Will Death Become Obsolete?

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Can immortality be contagious? Time magazine's cover story on Ray Kurzweil, Aubrey de Grey, and the prospects for abolishing death by 2045 is only the latest of a series of media features. The New York Times Magazine cover story by Rob Walker a few weeks ago featured the virtual immortality of Facebook and other social media pages. And Nicholas Jackson took up the theme on the site, with a book excerpt. A leading Evangelical Christian magazine, Christianity Today, in its January cover feature, showed how complex the issue can be theologically.

You can now create your own electronic immortality festival with videos from NOVA scienceNOW and the Swedish artists Bigert & Bergström. (More here.)

Lev Grossman's feature may be the most sympathetic mainstream media coverage of the Singularity movement yet. As he concludes:

[E]ven if they're dead wrong about the future, they're right about the present. They're taking the long view and looking at the big picture. You may reject every specific article of the Singularitarian charter, but you should admire Kurzweil for taking the future seriously. Singularitarianism is grounded in the idea that change is real and that humanity is in charge of its own fate and that history might not be as simple as one damn thing after another. Kurzweil likes to point out that your average cell phone is about a millionth the size of, a millionth the price of and a thousand times more powerful than the computer he had at MIT 40 years ago. Flip that forward 40 years and what does the world look like? If you really want to figure that out, you have to think very, very far outside the box. Or maybe you have to think further inside it than anyone ever has before.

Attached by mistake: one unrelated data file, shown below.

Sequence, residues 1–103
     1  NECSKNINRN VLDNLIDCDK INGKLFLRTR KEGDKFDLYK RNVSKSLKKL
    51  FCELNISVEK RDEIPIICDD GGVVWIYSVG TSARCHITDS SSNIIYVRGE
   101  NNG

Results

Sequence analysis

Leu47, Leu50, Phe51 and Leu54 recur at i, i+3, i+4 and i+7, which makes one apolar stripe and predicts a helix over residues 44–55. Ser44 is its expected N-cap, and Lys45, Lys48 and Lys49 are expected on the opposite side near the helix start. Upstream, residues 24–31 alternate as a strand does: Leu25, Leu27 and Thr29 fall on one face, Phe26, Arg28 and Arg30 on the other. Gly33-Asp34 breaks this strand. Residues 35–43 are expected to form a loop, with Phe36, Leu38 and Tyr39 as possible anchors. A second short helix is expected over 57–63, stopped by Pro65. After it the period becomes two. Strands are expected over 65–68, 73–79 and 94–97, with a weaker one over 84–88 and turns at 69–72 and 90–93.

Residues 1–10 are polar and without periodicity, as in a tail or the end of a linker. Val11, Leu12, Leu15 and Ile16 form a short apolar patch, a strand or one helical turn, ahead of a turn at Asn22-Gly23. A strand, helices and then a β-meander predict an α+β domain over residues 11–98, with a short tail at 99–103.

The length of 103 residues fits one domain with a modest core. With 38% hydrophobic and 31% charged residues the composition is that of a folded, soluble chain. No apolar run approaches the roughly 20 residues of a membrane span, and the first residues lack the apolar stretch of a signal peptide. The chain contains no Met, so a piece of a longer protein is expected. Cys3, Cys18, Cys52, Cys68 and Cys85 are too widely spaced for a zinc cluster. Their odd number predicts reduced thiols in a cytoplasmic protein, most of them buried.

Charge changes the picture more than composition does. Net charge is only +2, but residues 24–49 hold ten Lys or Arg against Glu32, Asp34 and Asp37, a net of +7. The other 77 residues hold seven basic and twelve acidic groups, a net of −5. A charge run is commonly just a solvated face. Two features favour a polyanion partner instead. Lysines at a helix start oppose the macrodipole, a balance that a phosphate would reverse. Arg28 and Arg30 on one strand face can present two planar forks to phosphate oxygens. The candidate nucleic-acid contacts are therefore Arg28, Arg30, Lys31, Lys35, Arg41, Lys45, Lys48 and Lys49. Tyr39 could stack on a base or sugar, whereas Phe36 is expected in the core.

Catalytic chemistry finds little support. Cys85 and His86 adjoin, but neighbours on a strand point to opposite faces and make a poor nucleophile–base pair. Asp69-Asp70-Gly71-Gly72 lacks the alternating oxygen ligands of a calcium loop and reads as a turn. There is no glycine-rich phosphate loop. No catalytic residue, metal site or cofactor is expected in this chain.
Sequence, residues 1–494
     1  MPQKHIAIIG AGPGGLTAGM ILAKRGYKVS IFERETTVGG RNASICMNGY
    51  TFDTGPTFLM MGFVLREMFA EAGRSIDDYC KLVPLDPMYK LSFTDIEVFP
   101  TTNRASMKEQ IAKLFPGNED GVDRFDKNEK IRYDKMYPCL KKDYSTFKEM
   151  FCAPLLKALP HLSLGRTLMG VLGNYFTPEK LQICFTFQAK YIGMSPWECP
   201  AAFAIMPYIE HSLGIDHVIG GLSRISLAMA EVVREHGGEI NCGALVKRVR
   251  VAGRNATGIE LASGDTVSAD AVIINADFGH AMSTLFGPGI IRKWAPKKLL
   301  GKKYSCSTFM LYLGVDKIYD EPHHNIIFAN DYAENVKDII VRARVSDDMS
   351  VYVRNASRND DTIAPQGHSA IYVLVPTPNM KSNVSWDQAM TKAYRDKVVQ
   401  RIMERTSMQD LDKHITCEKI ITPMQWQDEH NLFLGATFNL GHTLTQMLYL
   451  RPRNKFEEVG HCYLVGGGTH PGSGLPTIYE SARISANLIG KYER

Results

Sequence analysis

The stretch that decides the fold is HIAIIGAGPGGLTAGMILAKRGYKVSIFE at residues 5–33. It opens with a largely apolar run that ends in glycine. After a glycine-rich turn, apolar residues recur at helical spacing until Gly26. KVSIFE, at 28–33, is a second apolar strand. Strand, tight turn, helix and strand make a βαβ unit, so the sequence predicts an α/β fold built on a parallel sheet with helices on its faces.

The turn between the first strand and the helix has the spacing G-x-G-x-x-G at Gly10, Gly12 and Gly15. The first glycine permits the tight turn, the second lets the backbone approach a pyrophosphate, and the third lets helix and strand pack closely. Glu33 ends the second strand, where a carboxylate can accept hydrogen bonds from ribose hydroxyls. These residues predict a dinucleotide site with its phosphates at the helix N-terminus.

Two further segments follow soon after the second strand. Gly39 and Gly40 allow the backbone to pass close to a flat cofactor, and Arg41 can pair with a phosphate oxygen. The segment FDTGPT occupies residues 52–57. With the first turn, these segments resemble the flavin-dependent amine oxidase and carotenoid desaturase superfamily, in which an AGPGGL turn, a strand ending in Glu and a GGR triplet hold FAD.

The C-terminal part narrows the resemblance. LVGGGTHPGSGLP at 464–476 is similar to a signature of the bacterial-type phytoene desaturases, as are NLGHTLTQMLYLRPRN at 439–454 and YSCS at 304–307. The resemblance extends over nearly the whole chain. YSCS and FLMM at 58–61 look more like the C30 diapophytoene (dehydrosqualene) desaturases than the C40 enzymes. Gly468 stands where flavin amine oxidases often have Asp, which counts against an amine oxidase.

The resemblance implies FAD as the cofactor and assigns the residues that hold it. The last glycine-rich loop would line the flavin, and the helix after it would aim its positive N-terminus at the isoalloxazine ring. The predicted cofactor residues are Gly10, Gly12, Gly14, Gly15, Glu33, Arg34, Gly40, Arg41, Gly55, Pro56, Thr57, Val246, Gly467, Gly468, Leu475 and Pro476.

That's an ingeniously noncommittal endorsement. But is immortality by 2045 really a serious possibility?  Major names in neuroscience, mathematics, and other disciplines have taken sides against the Singularity, as here in Wired. (In his recent book What Technology Wants, the magazine's co-founder, Kevin Kelly, considers it an inspiring myth, like Superman.)

Singularity fans might counter with one of the great science fiction writers and futurist Arthur C. Clarke's most famous laws:

When a distinguished but elderly scientist states that something is possible, he is almost certainly right; when he states that something is impossible, he is probably wrong.

But given popular responsiveness to features about immortality and the Singularity, we should also bear in mind the corollary of Isaac Asimov:

When, however, the lay public rallies round an idea that is denounced by distinguished but elderly scientists and supports that idea with great fervor and emotion -- the distinguished but elderly scientists are then, after all, probably right.
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Edward Tenner is a historian of technology and culture. He was a founding advisor of Smithsonian's Lemelson Center and holds a Ph.D in European history. More

Edward Tenner is an independent writer and speaker on the history of technology and the unintended consequences of innovation. He holds a Ph.D. in European history from the University of Chicago and was executive editor for physical science and history at Princeton University Press. A former member of the Harvard Society of Fellows and John Simon Guggenheim fellow, he has been a visiting lecturer at Princeton and has held visiting research positions at the Institute for Advanced Study, Woodrow Wilson International Center for Scholars, and the Princeton Center for Information Technology Policy. He is now an affiliate of the Center for Arts and Cultural Policy of Princeton's Woodrow Wilson School. He was a founding advisor of Smithsonian's Lemelson Center, where he remains a senior research associate.

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